The smile that appears on my face after closing any comics written by Rick Remender is quite an infectious thing. It affects my feelings for anything I write or say about his work, and how I feel about this entertainment medium we’ve all been roped into.
With that said, I will try my damndest not to stray from the point of this review to it’s co-creator and writer.
Black Science from Image Comics is story of a man, husband and father named Grant McKay whom along with his fellow scientists, dubbed the “Anarchist League of Scientists”,his children, boss and Head of Security is trapped in various alternate dimensions and trying to find a way to return home. Thanks to the device he created called “The Pillar” and an act of sabotage on the day of its first test run, Grant was swept away into unknown worlds with no clear way to return to his own. Now they must bond and work together in hopes of surviving each situation they are thrown into and hope that the next one will lead them home.
The Pillar has been the focus and obsession of Grant McKayss work life as well as a key element in the strain and trouble that has been created in his personal life with his wife and children. A device that allows anyone to map and travel to alternate worlds in search of secrets, cures, raw materials or anything else that might benefit them. Grant described the idea of “infinology” to his son in issue three. The theory that anything you can imagine can exist in some layer upon layer of parallel dimensions akin to an onion; choices, small or large, made by any one or thing that affected and changed their world.
Parallel dimensional travel of course is not an entirely new idea and has been written about and used many times in all forms of entertainment. It’s the ensemble of characters and how they interact with each other that is the foundation of this story and how well it works. Rick Remender I’m sure knows this and wisely uses the first several issues available to lure the reader in and introduce them to these characters and hopefully hook them in for the long haul. I personally feel he has succeeded.
In just three issues, the team has been transported to two very dangerous worlds. Along the way, one team member has already been killed and Grant has been mortally wounded. This obviously shows that all the cards are on the table and no one is safe from being axed.
The first issue drops them into an alien swamp land where Grant encounters both fish and frog humanoid-like savages and battles his way between both warring factions in an attempt to return to the group with something he can use as coolant for the Pillar to prevent it from exploding when it auto-reactivates and opens a new dimensional door, killing the rest of the group and stranding him there. It is a fast paced issue that can read fairly quickly but I find myself going back to it and admiring the art and colors of the book. Matteo Scalera and Dean White are definitely firing all cylinders here and it shows. The design of these creatures, the world they inhabit and the colors used are some of the best work I’ve seen out of an Image book and very reminiscent of old pulp science fictions novel art. The cover design was so great I had to find a promotion poster off ebay and hang it on my wall so that I can look at it everytime I walk into my man-cave.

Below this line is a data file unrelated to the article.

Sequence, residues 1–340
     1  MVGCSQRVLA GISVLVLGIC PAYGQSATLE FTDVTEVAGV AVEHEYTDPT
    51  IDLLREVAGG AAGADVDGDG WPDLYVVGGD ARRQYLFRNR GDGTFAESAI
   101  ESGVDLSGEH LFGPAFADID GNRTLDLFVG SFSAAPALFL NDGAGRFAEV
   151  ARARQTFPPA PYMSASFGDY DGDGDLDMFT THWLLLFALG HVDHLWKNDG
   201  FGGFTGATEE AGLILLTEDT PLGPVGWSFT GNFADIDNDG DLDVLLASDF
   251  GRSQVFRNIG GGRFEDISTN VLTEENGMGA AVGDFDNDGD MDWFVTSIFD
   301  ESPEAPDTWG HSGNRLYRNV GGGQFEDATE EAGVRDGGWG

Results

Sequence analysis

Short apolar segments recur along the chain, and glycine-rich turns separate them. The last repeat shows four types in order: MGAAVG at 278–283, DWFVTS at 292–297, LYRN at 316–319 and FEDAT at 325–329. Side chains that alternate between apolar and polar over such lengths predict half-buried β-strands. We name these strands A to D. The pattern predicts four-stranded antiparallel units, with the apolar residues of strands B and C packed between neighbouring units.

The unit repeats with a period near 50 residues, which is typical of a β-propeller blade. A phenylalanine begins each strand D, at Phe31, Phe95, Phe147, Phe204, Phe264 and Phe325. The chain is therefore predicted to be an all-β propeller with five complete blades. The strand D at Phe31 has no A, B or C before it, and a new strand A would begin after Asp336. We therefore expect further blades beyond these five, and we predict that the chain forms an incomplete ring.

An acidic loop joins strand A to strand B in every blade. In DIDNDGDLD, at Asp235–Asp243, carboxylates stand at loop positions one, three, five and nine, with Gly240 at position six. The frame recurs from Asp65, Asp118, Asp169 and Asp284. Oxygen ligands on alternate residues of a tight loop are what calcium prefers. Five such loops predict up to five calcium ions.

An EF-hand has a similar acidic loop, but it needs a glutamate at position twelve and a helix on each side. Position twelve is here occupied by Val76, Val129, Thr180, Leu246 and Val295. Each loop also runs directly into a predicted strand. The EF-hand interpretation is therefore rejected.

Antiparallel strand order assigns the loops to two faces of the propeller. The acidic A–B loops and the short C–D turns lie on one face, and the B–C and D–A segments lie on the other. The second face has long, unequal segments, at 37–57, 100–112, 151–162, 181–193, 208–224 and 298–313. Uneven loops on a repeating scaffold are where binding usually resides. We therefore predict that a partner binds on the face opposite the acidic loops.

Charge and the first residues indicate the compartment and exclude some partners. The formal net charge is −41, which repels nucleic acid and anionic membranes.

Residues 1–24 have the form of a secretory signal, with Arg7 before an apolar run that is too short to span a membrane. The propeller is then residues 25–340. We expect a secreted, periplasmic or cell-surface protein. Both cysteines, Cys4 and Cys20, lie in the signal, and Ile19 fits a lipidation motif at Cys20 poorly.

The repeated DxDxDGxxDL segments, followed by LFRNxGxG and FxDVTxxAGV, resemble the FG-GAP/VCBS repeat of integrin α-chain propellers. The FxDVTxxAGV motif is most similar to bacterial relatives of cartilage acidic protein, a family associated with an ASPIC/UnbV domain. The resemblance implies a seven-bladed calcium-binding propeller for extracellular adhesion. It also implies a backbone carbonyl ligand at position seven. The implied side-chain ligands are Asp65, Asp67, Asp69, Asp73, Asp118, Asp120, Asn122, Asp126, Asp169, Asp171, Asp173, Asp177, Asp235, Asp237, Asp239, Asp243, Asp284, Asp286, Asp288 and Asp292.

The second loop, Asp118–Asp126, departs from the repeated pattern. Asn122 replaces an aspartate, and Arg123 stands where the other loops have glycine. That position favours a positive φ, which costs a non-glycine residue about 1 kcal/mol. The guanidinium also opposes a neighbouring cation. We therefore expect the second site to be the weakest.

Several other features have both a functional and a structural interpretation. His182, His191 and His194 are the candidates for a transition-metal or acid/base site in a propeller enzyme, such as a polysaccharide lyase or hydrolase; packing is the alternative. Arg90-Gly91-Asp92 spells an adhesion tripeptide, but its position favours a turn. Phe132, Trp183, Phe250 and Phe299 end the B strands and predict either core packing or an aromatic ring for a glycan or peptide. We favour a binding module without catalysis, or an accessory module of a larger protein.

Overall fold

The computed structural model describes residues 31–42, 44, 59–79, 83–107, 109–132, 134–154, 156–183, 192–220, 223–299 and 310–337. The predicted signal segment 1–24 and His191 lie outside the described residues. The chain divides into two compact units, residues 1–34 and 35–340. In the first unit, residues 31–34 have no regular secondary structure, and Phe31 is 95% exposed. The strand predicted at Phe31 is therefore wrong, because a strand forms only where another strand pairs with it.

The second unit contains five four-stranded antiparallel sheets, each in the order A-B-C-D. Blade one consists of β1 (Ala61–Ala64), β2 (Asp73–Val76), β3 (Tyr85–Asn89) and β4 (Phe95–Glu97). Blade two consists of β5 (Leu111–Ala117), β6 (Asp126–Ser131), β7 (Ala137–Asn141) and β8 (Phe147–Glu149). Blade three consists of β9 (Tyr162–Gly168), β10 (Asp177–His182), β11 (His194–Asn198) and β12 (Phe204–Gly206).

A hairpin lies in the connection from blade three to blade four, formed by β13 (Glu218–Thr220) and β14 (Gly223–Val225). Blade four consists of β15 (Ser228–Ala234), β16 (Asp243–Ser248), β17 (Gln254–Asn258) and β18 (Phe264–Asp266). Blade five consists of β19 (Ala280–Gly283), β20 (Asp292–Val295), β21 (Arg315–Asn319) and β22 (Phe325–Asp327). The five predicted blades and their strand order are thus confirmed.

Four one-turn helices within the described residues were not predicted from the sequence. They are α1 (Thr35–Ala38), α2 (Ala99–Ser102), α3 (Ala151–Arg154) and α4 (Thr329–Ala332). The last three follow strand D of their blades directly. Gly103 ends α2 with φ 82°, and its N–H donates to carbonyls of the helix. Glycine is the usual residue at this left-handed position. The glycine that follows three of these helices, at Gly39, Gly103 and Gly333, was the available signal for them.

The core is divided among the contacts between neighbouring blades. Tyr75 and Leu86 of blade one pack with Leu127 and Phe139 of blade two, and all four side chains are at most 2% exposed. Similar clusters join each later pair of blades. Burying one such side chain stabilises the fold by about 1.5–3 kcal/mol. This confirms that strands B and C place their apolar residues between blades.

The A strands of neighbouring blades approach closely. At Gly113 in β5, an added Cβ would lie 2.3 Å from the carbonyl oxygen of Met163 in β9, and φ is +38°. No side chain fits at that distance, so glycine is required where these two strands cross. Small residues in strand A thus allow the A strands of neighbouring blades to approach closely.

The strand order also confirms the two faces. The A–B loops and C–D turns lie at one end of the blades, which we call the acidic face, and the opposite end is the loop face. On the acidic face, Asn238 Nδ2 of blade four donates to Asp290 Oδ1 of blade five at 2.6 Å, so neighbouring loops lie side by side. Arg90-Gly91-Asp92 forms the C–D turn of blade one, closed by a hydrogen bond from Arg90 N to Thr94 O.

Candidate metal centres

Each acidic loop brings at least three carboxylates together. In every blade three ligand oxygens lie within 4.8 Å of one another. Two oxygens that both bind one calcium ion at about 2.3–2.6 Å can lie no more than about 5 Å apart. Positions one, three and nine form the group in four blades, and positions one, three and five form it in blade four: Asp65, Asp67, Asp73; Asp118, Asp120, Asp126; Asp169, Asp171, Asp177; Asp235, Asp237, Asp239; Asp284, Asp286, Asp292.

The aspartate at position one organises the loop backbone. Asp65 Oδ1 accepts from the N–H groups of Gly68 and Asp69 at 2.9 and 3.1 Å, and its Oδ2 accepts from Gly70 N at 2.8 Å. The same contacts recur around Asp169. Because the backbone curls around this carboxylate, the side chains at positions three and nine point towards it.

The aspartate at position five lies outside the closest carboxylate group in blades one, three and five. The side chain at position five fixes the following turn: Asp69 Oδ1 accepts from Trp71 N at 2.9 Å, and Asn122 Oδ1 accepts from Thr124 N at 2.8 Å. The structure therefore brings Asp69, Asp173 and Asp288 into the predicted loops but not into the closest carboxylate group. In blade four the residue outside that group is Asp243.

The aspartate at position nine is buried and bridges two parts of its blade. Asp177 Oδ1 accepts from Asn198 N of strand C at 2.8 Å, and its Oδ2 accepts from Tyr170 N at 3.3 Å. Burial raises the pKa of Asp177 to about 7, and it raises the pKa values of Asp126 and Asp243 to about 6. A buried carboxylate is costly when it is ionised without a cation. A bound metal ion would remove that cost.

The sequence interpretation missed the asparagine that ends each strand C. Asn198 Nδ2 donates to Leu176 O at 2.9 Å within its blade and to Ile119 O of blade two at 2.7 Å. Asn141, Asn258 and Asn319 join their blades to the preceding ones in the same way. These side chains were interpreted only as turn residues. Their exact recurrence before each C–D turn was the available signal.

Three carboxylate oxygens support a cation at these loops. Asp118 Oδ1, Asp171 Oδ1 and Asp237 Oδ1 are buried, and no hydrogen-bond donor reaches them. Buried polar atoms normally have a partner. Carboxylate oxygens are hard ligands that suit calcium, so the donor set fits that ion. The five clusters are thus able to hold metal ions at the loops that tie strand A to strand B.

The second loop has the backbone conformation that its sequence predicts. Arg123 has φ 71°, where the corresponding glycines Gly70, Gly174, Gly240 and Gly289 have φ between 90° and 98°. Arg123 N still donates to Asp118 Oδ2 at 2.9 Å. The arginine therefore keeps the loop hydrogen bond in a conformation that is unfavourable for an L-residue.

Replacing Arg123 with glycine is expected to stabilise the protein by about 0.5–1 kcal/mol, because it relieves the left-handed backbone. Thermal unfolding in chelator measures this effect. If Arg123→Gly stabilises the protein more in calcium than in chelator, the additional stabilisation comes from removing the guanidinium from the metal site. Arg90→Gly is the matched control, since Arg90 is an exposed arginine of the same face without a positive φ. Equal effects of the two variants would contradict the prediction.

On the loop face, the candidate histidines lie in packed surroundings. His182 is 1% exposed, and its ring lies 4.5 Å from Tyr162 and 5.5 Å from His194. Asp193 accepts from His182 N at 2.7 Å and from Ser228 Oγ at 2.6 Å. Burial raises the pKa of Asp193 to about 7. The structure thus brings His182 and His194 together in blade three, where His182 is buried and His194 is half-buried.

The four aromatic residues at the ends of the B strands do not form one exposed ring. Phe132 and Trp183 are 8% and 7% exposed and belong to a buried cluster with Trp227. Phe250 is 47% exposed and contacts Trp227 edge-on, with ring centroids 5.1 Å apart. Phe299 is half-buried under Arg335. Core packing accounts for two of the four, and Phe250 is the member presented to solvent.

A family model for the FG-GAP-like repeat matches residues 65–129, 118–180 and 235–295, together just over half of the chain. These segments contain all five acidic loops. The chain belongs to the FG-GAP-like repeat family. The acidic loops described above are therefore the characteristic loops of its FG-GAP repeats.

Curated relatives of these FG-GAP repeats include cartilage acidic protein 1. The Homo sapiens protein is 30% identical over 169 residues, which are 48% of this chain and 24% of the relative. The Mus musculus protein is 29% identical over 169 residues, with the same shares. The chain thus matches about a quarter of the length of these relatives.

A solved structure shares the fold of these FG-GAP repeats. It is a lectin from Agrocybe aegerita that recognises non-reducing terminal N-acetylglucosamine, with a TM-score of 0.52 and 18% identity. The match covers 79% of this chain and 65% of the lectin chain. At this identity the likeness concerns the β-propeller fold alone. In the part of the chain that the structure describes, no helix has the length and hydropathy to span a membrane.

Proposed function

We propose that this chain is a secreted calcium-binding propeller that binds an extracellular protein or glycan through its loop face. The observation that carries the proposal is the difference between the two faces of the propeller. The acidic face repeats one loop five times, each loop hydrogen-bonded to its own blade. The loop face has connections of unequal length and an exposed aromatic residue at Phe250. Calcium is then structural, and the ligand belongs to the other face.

Issues two, three and the upcoming fourth place them in a world, as it is observed by their boss Kadir as a form of inverse Manifest Destiny, where American Indians have invaded the European continent armed with high technology even beyond their understanding in an attempt to conquer and expand. This is an idea that I personally wish could have be expanded into a longer story arc, but unfortunately will not be explored any more than these few issues. It is here where Grant is mortally wounded and Security Chief Ward must find a way to save his life before the auto timer is up on the Pillar and they are transported away again. It is in issue three where we learn more about Ward and just how he became involved in the company that Grant was working for. I could go into more detail on this subject but I’ll just let you read the issue for yourself. Suffice to say, Ward is a loyal and good soldier and will do anything to protect everyone under his watch.
My review and synopsis of the current issues here I feel just scratch the surface of the book, but I hope give a basic introductory idea of what this is about and help sway you in your opinion in giving it a read. I’ve been enjoying them, typically of a book that Rick Remender is involved in, and highly recommend at some point either with the singles or an eventual collected trade to give it a shot.